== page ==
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about whether Officer Michael knew that his son thought so.

Officer Michael left Chester for a vacation in Florida on July 20. (Michael Dep. at 27:7-10 (Oct. 24, 2011).) Before leaving for Florida, Officer Michael left his service weapon in his locked bedroom and secured the weapon with a Department-issue gun lock. Id. at 36:6-37:20. Officer Michael stored the key to the single-bolt bedroom lock in a kitchen cabinet. See id. at 53:22-55:16. Officer Michael put the weapon, empty of ammunition and secured by the gun lock, in the bedroom's closet hidden under some bedroom linens. (Def. Ex. D-33, at 6.) Officer Michael hid the ammunition inside a duffel bag located in the bedroom. Id. Officer Michael stored the only key [1] to the gun lock separately, inside a sock in a bureau drawer in the bedroom. Id.; ( see also Def.'s SMF ¶ 21.)

C. The City's Relevant Policies

The Department officially encouraged, but did not require, officers to take their service weapons home with them when they were not on duty. (Pl.'s Ex. U (the " Chubb Dep." ), at 45:20-46:24 (May 23, 2012).) The Department trained officers to store their service weapons unloaded, preferably in a locked container, and separately from the weapon's ammunition. Id. at 36:9-37:8. The Department also trained officers to secure a service weapon with a Department-issue gun lock, but the Department did not specifically train officers about where or how to store the key to the gun lock. Id. at 37:9-38:5. Department training materials do address the security of a service weapon stored at an officer's home, directing officers to " secure [a weapon] in a safe place with consideration as to children, friends & family." (Pl.'s Ex. X, at 2.)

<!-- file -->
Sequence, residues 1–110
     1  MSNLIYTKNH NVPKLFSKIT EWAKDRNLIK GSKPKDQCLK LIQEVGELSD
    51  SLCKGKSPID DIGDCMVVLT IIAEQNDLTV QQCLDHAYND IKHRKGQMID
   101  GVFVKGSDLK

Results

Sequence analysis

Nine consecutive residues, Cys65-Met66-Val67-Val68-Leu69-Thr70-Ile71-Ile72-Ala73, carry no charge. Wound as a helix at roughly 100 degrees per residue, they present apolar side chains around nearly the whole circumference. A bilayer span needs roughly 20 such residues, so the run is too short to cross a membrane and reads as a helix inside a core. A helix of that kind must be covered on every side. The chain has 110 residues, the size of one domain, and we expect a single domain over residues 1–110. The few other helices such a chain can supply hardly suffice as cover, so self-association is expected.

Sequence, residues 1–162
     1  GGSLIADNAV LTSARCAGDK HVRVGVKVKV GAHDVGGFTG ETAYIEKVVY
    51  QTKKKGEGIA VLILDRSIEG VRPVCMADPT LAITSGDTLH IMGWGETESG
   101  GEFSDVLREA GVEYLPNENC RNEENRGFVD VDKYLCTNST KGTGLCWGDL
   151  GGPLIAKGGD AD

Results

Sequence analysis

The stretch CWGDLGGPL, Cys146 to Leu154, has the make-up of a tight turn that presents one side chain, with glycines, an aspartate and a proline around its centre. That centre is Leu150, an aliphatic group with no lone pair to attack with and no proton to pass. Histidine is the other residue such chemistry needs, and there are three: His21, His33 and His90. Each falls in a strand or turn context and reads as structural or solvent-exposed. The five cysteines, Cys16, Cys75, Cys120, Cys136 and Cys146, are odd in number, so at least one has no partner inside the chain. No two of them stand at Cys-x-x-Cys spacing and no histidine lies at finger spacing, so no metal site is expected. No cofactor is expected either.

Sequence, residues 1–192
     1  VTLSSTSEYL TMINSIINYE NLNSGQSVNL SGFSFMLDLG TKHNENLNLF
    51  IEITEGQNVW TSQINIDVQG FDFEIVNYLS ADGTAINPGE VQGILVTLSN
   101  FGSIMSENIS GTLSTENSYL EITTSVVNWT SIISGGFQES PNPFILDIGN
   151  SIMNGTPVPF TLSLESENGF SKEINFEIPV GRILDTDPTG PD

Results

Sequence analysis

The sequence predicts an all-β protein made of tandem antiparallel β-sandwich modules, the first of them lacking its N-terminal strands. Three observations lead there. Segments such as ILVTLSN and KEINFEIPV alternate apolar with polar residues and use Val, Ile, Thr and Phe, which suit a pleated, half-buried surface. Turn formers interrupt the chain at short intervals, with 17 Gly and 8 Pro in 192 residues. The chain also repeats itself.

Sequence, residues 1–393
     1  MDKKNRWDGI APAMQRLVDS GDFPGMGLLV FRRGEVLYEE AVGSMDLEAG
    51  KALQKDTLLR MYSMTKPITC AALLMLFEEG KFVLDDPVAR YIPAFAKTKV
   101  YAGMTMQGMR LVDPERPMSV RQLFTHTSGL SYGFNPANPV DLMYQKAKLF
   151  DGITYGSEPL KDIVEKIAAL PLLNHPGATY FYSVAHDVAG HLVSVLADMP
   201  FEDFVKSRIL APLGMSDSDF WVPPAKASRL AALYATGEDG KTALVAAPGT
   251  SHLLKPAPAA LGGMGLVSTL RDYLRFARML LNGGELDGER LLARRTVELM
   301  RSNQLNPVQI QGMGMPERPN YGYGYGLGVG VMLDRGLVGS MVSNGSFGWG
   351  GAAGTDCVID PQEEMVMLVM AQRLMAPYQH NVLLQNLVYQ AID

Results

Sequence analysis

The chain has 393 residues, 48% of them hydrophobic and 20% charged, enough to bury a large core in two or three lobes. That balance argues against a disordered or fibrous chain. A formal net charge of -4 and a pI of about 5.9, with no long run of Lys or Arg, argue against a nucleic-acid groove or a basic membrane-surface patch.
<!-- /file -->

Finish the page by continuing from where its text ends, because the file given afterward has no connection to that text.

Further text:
The Department also had a regulation which " establish[ed] Department policy, guidelines, and procedures in the enforcement, reporting, and prosecution of domestic of domestic violence / Protection From Abuse (PFA) Order violations." (Pl.'s Ex. W, at 1.) This directive established Department policy as, among other things, strictly enforcing Protection From Abuse Orders and arresting violators of such orders and other perpetrators of crimes of domestic violence. Id. at 1,4-5.

Finally, the Department issued a directive which established a policy of preventing officers from becoming involved in law enforcement situations with family members or relatives. (Pl.'s Ex. V.) The directive called upon officers involved in non-emergency situations with family members or relatives to make superiors aware of the relationship and arrange for alternate personnel to respond. Id. The directive specifically excepted emergency situations from its operation. Id.

None of these regulations, nor any other Department policy, specifically addressed how they should apply or interact when the perpetrator of a crime of domestic violence or the subject of a Protection From Abuse Order was a relative of a police officer and had access to a police officer's home where the officer typically stored his service weapon. (Pl.'s Mot. for Partial Summ. J. ¶¶ 49-50; Def.'s Response to Pl.'s Cross-Mot. for Summ. J. ¶¶ 49-50.) The Department did not have any new or different procedures or policies which specifically addressed such a situation, nor did the Department conduct ...